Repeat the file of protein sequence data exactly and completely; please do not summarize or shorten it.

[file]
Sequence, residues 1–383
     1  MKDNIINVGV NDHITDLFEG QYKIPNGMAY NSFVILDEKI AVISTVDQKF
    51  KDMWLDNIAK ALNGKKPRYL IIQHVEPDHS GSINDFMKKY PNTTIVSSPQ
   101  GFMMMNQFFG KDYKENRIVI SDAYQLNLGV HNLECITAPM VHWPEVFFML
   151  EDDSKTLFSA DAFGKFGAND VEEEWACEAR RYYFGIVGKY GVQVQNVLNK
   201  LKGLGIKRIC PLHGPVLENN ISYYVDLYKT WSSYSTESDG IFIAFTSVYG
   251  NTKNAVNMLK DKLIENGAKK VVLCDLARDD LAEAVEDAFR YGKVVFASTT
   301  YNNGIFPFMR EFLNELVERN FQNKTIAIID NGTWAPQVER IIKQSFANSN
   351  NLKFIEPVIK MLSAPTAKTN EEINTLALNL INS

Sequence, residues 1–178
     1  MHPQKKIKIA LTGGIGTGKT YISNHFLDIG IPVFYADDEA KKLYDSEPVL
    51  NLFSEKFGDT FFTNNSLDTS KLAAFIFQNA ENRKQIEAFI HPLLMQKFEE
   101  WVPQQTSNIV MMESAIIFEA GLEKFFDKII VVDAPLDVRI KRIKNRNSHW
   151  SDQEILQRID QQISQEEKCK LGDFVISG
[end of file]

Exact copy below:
Sequence, residues 1–383
     1  MKDNIINVGV NDHITDLFEG QYKIPNGMAY NSFVILDEKI AVISTVDQKF
    51  KDMWLDNIAK ALNGKKPRYL IIQHVEPDHS GSINDFMKKY PNTTIVSSPQ
   101  GFMMMNQFFG KDYKENRIVI SDAYQLNLGV HNLECITAPM VHWPEVFFML
   151  EDDSKTLFSA DAFGKFGAND VEEEWACEAR RYYFGIVGKY GVQVQNVLNK
   201  LKGLGIKRIC PLHGPVLENN ISYYVDLYKT WSSYSTESDG IFIAFTSVYG
   251  NTKNAVNMLK DKLIENGAKK VVLCDLARDD LAEAVEDAFR YGKVVFASTT
   301  YNNGIFPFMR EFLNELVERN FQNKTIAIID NGTWAPQVER IIKQSFANSN
   351  NLKFIEPVIK MLSAPTAKTN EEINTLALNL INS

Sequence, residues 1–178
     1  MHPQKKIKIA LTGGIGTGKT YISNHFLDIG IPVFYADDEA KKLYDSEPVL
    51  NLFSEKFGDT FFTNNSLDTS KLAAFIFQNA ENRKQIEAFI HPLLMQKFEE
   101  WVPQQTSNIV MMESAIIFEA GLEKFFDKII VVDAPLDVRI KRIKNRNSHW
   151  SDQEILQRID QQISQEEKCK LGDFVISG